The state of New Jersey has apparently had it with Sea Bright beach club owners—and the borough, too—over the question of just who owns the beach.


Using a pair of court rulings as leverage, acting Attorney General Anne Milgram today sued Sea Bright and nine private beach clubs for failing to provide unrestricted public access to shorefront that state claims was “almost entirely built through a publicly funded shore protection project in 1995.”

The multifaceted suit also accuses Sea Bright of breaching an agreement to convert the former site of the Peninsula House hotel to a public beach. Instead, the state claims, the borough has left the parcel in disrepair and even tried to barter it away for landlocked property for the site of a new municipal building.

And Sea Bright hasn’t paid a dime of the more than $556,000 it owes the state for its share of a 2003 beach replenishment, the state claims. It demands payment.

In addition to the borough, the defendants in the suit, filed in the Chancery Division of Monmouth County Superior Court, are Surf Rider Beach Club, Donovan’s Reef Beach Club, Chapel Beach Club, Water’s Edge Beach Club, Sea Bright Beach Club, Driftwood Beach Club, Ship Ahoy Beach Club, Trade Winds Beach Club (now Kara Homes), and The Sands Beach Club of Sea Bright.

A call to Sea Bright Mayor Jo-Ann Kalaka-Adams was not immediately returned.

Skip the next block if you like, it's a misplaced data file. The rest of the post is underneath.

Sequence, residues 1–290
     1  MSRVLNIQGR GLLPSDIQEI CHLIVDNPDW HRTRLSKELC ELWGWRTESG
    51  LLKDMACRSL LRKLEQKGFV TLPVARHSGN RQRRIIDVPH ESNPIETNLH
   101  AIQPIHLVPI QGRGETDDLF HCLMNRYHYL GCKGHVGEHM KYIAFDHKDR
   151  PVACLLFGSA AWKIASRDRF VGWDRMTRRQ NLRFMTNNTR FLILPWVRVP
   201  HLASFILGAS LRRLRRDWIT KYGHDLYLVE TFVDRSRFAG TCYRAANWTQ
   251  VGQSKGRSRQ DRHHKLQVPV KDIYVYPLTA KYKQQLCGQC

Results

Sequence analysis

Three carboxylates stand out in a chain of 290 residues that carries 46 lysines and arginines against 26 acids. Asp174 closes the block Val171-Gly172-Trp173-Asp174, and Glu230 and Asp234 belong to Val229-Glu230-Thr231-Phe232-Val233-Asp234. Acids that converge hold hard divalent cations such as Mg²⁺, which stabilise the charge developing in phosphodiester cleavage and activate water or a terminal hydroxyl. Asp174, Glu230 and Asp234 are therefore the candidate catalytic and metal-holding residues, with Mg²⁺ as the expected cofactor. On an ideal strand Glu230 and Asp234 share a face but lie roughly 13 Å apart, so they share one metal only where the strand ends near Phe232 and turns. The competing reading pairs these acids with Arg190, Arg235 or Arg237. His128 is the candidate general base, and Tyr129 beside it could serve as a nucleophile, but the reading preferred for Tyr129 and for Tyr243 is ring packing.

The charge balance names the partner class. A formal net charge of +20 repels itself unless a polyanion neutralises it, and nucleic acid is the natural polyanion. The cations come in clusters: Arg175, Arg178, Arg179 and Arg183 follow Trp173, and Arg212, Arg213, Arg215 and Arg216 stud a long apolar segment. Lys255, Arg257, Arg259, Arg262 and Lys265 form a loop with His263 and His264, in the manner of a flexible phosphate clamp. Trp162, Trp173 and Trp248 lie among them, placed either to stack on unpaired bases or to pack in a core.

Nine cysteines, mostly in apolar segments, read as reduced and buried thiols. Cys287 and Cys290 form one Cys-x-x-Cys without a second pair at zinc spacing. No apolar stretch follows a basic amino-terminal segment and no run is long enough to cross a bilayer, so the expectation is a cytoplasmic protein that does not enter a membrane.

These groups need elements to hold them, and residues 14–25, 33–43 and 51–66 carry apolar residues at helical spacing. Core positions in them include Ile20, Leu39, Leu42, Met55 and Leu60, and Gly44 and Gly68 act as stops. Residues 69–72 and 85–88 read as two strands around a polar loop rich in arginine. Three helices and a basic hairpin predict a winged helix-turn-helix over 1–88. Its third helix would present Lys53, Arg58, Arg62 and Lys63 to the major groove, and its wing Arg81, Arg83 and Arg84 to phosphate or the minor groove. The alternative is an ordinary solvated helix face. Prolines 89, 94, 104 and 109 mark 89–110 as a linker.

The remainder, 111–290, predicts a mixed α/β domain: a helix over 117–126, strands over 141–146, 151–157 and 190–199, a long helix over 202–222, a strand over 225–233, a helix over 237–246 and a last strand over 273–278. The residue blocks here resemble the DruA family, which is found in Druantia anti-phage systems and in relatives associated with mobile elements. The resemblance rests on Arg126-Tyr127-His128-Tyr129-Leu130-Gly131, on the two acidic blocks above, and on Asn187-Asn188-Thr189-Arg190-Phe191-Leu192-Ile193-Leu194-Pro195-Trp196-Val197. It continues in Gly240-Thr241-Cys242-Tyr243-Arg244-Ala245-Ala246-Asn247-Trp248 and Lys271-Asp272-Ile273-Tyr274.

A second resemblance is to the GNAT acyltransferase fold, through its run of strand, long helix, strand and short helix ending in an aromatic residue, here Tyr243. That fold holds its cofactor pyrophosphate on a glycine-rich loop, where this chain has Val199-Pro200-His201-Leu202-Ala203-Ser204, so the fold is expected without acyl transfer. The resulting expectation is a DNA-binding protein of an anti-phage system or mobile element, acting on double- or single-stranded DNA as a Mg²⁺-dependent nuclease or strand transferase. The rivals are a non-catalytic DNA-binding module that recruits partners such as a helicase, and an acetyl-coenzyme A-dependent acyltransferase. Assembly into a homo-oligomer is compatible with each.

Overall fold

The lawsuit is an effort by the state to nullify agreements signed with the beach clubs in 1993, prior to the start of a massive sand-pumping program that widened beaches from Sandy Hook to Barnegat Inlet. Those agreements required the borough and the clubs to allow the public a 15-foot wide “transit corridor” of dry sand at the water’s edge for strolling and fishing only.

The state now contends, however, that additional beachfront created by the sand-pumping programs doesn’t belong to the private clubs. It argues instead that up to 250 feet of new beachfront created by a renourishment program in 1995—and secured by a 2003 replenishment—is covered by the doctrine of public trust, which grants public access to riparian lands.

The state’s case is bolstered by two court rulings, one in U.S. District Court and another at the New Jersey Supreme Court, the lawsuit contends.

Yet the defendants have continued to “insist that they may have exclusive use of this publicly funded beach, need not provide public access to the ocean… and may receive additional future sand replenishment at public expense” over the life the original 40-year agreements, the suit contends.

“This request is utterly appropriate in light of the long succession of court decisions striking down exclusive practices on municipal and private beaches and the extensive, long-term investment of public money that has been made in these beach areas,’’ Milgram said in a prepared statement.

The 35-page lawsuit notes that Sandy Hook, just to the north of Sea Bright, is often filled to capacity with beachgoers by noon on a summer’s day. The clubs, meanwhile, “maintain private exclusive access to and use of the entire dry sand beach area” that was paid for with public funds, the suit contends.

Sea Bright, the suit says, maintains inadequate parking and bathroom facilities for public usage. The borough also owes the state more than $556,000 for its portion of the 2003 replenishment, the lawsuit claims.

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